Respiratory system – the parts of the body involved with breathing. It is made up of the lungs and the airways (see above), and the muscles that help your child breathe.
Respiratory tract infection – any infection of the respiratory system, usually caused by a virus. The common cold is an ‘upper’ respiratory tract infection affecting the nose, sinuses and throat. Children get a lot of these because their immune systems are still developing. A ‘lower’ respiratory tract infection affects the airways and the lungs, for example a chest infection.
Rhinitis – this is a common condition when the inside of your child’s nose gets inflamed. Typical symptoms include a blocked, itchy or runny nose, itchy eyes and scratchy throat. Rhinitis can make asthma symptoms worse. Some children may have this all year round (what doctors call ‘perennial’ allergic rhinitis). It’s often caused by allergic reactions to things that are around all year, like house dust mites, or pets. Hay fever is known as ‘seasonal allergic rhinitis’, because it’s only worse at certain times of the year, depending on which pollen allergen your child is allergic to. Rhinitis isn’t always in response to an allergy. It could come about with a cold, for example.
Salbutamol – is the reliever medicine most children with asthma use when they have asthma symptoms. It opens up the airways, making it easier for your child to breathe. Common brand names for salbutamol inhalers include Airomir, Asmalal, Easi-Breathe, Easyhaler, Pulvinal, Salamol, Salbulin and Ventolin.
Self-management – is what you do every day to look after your child’s asthma, making sure they take their asthma medicines, and looking out for any asthma symptoms. An asthma action plan is a self-management tool reminding you what medicines your child needs to take and when, and how you need to act if your child’s symptoms get worse.
Sensitive – a child with asthma could be described as having more ‘sensitive’ airways. This means their airways are more likely to get irritated and inflamed and react to triggers such as pollen or pets, making their asthma symptoms worse.
Severe asthma – a type of asthma that affects about four per cent of people with asthma. For someone with severe asthma the usual asthma medicines don’t work as well, and different medicines − and the support of a team of healthcare professionals and specialists − is often needed to keep their asthma under control.
Side effects – unwanted symptoms, such as feeling sick or drowsy, caused by medical treatment and medicines. Sometimes side effects are called ‘adverse reactions’. All medicines, including ones bought ‘over the counter’, have possible side effects, but not everyone will get them. You can check the possible side effects of any medicine your child is taking on the patient information leaflet that comes in the box with the medicine. Or you can ask your pharmacist or GP.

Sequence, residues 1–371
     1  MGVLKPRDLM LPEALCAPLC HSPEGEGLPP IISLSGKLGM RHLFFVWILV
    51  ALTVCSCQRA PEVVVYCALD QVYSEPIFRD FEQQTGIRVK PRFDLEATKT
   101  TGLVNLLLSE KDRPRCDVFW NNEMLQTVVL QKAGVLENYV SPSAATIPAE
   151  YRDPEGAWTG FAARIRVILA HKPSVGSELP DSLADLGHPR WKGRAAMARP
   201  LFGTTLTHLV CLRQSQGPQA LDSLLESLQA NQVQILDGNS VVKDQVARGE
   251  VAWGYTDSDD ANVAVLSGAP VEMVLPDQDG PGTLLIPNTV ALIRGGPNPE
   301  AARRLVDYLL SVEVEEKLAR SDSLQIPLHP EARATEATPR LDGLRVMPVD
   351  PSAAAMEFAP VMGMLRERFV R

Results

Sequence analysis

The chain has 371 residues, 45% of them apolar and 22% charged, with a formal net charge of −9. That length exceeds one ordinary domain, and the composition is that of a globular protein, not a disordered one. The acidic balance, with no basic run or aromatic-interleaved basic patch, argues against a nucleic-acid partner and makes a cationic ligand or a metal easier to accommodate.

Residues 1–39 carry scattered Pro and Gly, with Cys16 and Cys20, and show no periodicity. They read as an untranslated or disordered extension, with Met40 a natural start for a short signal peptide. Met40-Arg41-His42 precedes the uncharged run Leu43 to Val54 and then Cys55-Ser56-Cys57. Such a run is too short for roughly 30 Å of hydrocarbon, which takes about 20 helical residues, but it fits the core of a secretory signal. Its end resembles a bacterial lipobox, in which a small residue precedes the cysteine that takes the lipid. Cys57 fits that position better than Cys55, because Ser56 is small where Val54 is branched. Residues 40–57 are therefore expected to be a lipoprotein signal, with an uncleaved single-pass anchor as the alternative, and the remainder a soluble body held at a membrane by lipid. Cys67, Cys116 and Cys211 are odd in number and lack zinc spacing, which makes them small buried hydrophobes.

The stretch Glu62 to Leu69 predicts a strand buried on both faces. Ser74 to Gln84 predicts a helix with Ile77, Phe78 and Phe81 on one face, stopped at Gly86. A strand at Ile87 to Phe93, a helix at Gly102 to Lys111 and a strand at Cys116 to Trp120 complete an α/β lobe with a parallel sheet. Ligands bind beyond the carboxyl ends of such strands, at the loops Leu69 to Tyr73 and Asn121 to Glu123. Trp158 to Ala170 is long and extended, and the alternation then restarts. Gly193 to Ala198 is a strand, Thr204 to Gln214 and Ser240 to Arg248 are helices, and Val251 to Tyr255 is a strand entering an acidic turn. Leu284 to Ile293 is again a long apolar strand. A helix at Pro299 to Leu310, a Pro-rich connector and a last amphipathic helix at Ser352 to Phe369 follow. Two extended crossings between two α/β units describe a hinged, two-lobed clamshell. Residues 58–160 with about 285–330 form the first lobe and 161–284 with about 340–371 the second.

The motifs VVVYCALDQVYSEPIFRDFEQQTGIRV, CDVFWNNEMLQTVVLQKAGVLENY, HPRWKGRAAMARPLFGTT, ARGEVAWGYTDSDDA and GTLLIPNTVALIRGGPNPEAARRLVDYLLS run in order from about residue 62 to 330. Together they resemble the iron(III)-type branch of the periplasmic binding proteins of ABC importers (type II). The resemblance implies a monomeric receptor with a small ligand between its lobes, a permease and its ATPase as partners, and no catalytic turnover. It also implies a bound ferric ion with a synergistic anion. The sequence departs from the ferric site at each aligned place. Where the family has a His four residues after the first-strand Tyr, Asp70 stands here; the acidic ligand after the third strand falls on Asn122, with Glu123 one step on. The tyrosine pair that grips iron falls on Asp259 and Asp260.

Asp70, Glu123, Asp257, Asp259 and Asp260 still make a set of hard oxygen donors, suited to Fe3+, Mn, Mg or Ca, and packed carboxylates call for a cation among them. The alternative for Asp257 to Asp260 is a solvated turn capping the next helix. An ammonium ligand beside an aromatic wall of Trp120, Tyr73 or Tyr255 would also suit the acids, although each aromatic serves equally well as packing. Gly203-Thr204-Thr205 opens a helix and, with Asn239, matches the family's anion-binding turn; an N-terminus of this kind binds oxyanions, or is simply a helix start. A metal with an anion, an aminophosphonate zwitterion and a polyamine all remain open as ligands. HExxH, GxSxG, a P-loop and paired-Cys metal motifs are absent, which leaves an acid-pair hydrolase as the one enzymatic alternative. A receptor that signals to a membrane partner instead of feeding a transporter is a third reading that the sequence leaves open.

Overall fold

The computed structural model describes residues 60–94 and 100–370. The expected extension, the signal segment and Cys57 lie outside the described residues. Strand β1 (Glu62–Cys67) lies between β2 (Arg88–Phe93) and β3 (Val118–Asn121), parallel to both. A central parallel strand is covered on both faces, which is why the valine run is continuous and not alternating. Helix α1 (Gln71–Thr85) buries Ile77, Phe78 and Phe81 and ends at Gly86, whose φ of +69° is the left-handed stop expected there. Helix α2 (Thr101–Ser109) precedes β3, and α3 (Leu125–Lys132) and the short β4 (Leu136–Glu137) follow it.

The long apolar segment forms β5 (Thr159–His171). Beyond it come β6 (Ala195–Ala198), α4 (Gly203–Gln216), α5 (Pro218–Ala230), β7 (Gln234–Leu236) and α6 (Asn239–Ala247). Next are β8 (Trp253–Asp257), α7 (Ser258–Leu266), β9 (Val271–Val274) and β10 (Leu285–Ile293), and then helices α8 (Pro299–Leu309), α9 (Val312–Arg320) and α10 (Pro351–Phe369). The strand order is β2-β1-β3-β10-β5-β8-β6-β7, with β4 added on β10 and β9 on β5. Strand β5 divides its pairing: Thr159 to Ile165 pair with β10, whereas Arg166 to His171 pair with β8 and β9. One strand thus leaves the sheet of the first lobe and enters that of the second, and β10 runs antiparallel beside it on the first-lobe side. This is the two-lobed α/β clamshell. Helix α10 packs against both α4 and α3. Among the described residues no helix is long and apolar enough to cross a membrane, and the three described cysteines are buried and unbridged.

Skin prick testing – a safe and painless way to test for allergies. It involves putting a drop of liquid containing something your child may be allergic to onto their arm and gently pricking the skin under the drop with a needle to see if there’s any reaction. If your child is allergic to something, it will show as an itchy red bump.
Spacer – this is a hollow plastic or metal container with a mouthpiece at one end and a hole where you attach your child’s asthma inhaler at the other. Spacers help deliver your child’s asthma medicine into their lungs. Spacers are very useful for children because with a spacer your child doesn’t have to coordinate the pressing of the inhaler with breathing in and holding their breath, which younger children can find difficult to do.
Spirometry – this is a breathing or lung function test that shows how well your child’s lungs are working. It’s sometimes used for children over five years old to help diagnose asthma and also to see if their asthma medicines are working.
Steroids or corticosteroids – are a type of asthma medicine prescribed either as an inhaler, a course of tablets, or sometimes as an injection. Steroids used in asthma medicines are a copy of the substances produced naturally in our body to reduce swelling and can quickly stop the swelling of the airways (inflammation) that leads to asthma symptoms.
Stridor – if your child has an infection called croup, this is the word used to describe the barking cough and a harsh, grating sound they make when they breathe in.
Suspected asthma – when your child has ‘suspected asthma’ it means they have symptoms that point towards them having asthma, but a diagnosis is not possible at the moment.
Symptoms – the physical signs of an illness or a long-term condition. In asthma, the typical symptoms are cough, wheeze, tight chest and shortness of breath.
Theophylline – an add-on treatment sometimes given to children alongside their usual asthma medicines, whose asthma isn’t well managed with just their usual asthma medicines.
Last updated August 2019
Next review due August 2022